Deep in my heart Thy Name has come to rest.
For Thy dear sake, O Beautiful One,
Must I bear with the slanders of the world.
Some praise me for the love I bear Thee,
Others say that I bring ruin to my royal name.
Oh, I am drunk with the nectar of Thy Name,
Unmindful of the insults of the foolish,
The path of devotion is like stepping
bare-footed on a razor’s edge.
Yet will I gladly walk upon it.
For, says Meera, blessed is he
Who has dived into the ocean of the nectar
of His Name.
Meera Bai, translated by Baldoon Dhingra
Meera Bai was a princess in Rajput India of the 15th Century. Married at a young age to a prince of the time, it is said she performed all of her marital duties appropriately, but that she acknowledged Lord Krishna alone as her true spouse. She was in love with God. She chanted and danced and sang to her statue of the Lord despite all opposition, in spite of how she was seen by those around her.
After her husband was killed in battle, his brother became the Raja and persecuted Meera endlessly. It is said he sent her poison to drink and once, a cobra in a basket. But in one of her songs, Meera tells how the poison was turned into sweet nectar as she drank it and the snake became a garland for her to wear around her neck, all by virtue of her love for God.
When finally Meera Bai was able to escape the palace, she travelled to Vrindaban, the birthplace of Krishna; and when the Raja sent his emissaries to bring her home, she went instead to the temple. There, inspired once again to dance before a statue of her beloved, she achieved complete ecstasy, dancing as she had never danced before, surrendering all to her Lord and lover until the statue of Krishna opened up and she was merged into it. She had found her home.
The songs Meera is known for are called bhajans, and many are still sung today in festivals and worship in India. A bhajan is very specifically a song designed to bring an experience of devotional ecstasy.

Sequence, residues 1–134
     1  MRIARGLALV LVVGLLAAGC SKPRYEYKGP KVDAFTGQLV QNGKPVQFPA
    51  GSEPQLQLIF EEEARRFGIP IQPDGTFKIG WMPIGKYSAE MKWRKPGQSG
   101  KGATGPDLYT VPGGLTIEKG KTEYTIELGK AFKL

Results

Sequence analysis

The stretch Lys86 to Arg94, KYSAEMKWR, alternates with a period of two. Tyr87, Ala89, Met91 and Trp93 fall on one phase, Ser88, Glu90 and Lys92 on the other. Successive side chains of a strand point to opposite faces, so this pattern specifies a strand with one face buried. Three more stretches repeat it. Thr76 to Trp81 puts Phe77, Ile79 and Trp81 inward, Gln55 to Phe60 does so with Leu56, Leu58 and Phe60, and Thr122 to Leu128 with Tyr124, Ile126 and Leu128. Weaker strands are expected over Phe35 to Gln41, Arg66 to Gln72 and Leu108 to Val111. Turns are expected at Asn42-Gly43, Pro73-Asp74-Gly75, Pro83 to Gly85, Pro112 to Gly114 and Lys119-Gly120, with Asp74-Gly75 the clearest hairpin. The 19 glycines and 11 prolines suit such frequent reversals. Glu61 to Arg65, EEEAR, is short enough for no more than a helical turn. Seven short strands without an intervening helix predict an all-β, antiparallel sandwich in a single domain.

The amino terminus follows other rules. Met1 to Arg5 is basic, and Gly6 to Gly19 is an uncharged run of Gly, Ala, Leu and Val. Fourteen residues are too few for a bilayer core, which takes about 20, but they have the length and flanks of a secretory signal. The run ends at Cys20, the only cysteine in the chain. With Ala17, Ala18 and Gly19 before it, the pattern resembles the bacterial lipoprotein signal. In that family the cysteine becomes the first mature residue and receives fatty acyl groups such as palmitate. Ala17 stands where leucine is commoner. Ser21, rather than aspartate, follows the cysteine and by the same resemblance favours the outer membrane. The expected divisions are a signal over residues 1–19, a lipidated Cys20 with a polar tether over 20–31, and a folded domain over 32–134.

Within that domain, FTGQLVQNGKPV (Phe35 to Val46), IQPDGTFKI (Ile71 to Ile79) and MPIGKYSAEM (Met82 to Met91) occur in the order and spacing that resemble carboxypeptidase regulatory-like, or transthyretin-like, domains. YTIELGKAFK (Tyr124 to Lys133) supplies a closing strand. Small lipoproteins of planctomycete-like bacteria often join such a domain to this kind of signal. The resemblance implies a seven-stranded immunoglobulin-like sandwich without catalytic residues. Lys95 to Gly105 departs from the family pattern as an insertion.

The singer, golden though his voice may be, counts for little; nor do the drums, flutes and other instruments which accompany him really matter; what is vital is the deep, whole-hearted fervour with which the song is sung, each word stirring the listeners to their depths. Every soul flies to the Lord on the wings of the bhajan and catches a glimpse of Him whose vision Meera sought with every atom of her being.
Baldoon Dhingra, Songs of Meera, Lyrics of Ecstasy
It is the love of God that carries others along with the singer and allows them to experience a connection to this thing that is greater than themselves. It is the commitment of the poet, or of the singer of the poem, that allows others the gift of being shown an experience of love that perhaps they have felt unable to have on their own, that shows them a ‘preview of coming attractions’ of what they, too, will be able to experience on their own when they find themselves able to love at such depth.
Likewise, it is our commitment to life, to God if you will, that allows us to have an affect on others in our life. We can seek out the words of a saint like Meera Bai and allow her bhajans to raise us up to a higher experience of Self; and then in turn we can more fully live out this higher experience of Self so that our co-workers and friends, our lovers and our family members, may be uplifted as well. And on and on, songs of love from the 15th Century opening our hearts to sing songs of love in our own 21st Century fashion, opening the hearts of those around us and rippling outward endlessly and around the world until indeed the ripple returns to us to lift us again to a higher state. And on and on. Love building on love building on love.
Today I will find a reason to love that is bigger, deeper, and more profound than the love I was able to give yesterday, than the love I feel capable of.
Keshi Ghat, Yamuna River, Vrindavan, Uttar Pradesh, India
All original material copyright © 2018 Jeff Kober